As you can see, using the FIFO method, you pay taxes on $8000. But using the HIFO method, you pay taxes on only $4000. Huge difference.
However, there are a few caveats. In order to use the HIFO method, you’ll be required to specify which assets you’re disposing of with the help of specific identification. Bitcoin.Tax allows you to do that.
Other than that, keep in mind that the IRS expects you to be consistent with your accounting method, meaning if you’re using HIFO, you must consistently use HIFO every tax year. You can’t use a different accounting method every year. So, if you’re transitioning to HIFO, make sure you consult with a tax professional to know if it’s really the best idea for you long-term.
5. Wait for Long-Term Capital Gains
If you sell your crypto within 365 days of buying it, you realize a short-term capital gain (or loss). If you sell your crypto after 365 days of buying it, you realize a long-term capital gain (or loss).
Short-term capital gain tax rates range from 10%-37%, while long-term capital gain tax rates range from 0%-20%.
Most US taxpayers pay 15% tax rates on long-term capital gains, while a few lucky people pay 0% tax rates. That is only possible if taxable income is $80,800 or less for married couples and $40,400 or less for single filers. Check out our article on US Cryptocurrency Tax Rates in 2021 to see the full tax brackets, both long term and short term.
It’s pretty evident that holding your crypto for at least a year before selling is much more profitable in the context of taxes.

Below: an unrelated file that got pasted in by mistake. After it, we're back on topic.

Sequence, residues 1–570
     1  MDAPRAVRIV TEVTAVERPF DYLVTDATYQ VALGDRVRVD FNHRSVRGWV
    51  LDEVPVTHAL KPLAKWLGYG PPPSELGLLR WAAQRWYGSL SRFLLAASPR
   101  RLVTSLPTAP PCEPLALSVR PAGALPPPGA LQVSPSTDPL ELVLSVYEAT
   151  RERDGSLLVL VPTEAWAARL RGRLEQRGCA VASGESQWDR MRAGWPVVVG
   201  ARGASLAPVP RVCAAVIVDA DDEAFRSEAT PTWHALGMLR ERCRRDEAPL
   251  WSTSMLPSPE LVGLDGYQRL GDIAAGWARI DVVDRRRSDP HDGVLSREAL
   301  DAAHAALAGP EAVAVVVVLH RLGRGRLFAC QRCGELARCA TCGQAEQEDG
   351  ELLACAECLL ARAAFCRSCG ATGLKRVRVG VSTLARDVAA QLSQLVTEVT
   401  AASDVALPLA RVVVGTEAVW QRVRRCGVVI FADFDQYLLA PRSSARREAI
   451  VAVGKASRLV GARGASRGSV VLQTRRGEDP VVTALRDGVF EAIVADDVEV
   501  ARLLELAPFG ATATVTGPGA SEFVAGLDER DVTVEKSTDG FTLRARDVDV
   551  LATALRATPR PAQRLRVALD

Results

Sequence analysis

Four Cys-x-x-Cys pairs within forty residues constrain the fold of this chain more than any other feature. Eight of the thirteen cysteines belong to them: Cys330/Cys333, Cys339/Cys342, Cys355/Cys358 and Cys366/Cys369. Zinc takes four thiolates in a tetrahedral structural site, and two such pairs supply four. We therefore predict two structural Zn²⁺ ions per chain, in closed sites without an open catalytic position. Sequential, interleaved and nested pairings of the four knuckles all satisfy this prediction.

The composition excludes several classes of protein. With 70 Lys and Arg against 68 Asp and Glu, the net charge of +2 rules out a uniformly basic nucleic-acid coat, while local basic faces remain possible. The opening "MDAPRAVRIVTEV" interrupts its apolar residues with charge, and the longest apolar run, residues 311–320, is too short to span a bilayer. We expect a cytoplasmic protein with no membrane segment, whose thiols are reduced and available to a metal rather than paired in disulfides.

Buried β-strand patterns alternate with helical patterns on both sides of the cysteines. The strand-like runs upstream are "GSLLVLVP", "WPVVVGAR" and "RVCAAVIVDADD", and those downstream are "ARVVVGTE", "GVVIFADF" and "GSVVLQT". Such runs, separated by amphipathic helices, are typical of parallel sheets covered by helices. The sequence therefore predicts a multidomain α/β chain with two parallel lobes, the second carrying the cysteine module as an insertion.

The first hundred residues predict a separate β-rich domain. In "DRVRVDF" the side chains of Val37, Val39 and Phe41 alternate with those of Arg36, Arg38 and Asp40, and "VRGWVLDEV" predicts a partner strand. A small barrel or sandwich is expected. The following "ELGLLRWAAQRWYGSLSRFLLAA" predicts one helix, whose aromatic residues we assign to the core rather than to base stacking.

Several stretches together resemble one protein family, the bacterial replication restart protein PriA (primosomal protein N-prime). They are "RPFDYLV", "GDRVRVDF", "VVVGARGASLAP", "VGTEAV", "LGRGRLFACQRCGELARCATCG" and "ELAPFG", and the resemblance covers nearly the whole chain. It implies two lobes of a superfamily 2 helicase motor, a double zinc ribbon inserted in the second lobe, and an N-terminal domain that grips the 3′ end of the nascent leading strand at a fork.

But that’s not all.
An even better but underrated tax-saving strategy is holding your crypto for more than a year before selling them, so you pay less or even no taxes at all on your capital gains. But instead of leaving it at that, you buy back your crypto to set a new, higher-cost basis. So, the next time you sell it again, you pay even lesser taxes.
6. Move to Puerto Rico
Moving to Puerto Rico as a tax-saving strategy may sound absurd until you hear that Puerto Rico charges 0% capital gain taxes. It’s one of the most crypto-friendly countries. However, despite a great tax benefit, moving to Puerto Rico just to save taxes still wouldn’t make sense for most crypto investors unless you’re a crypto whale. Why? Because the cost of living there might end up being more than what you save on your taxes.
According to the recent Bona Fide Residency Requirement under Act 60-2019, you must buy a house within two years of moving to Puerto Rico. Due to this law, Puerto Rico has seen a huge spike in real estate prices lately, making it extremely difficult and expensive to move there.
So yeah, unless you’re a full-time crypto investor dealing in millions of dollars worth of crypto every day, this option is not suitable for you.
However, some states, including Alaska, Florida, Nevada, New Hampshire, South Dakota, Tennessee, Texas, Washington and Wyoming, don’t have any income taxes.
US taxpayers pay an average of around 33%-40% of their total income in taxes. That’s almost half of their total earnings. So, moving to one of these states with lesser to no income tax rates and cheaper living costs could still be a great option to reduce your overall taxes.
7. Consult a Tax Professional
This might seem painfully obvious but we must add this to our list because it’s one of the better ways to save more taxes. The best tax-saving strategy you can use is one that you create by sitting and discussing with your tax professional.
This way, your tax professional can look at your case individually with better communication to devise a strategy that best suits you.
No matter which tax-saving strategy you use, the most difficult part of it all is collecting all the transactional data from different wallets and exchanges you have been using and calculating your taxes.
Bitcoin.Tax is the leading crypto tax software in the market that allows you to automate your tax reporting process. All you have to do is connect all your wallets and exchanges to our software and sit back and relax while Bitcoin.Tax does all the work.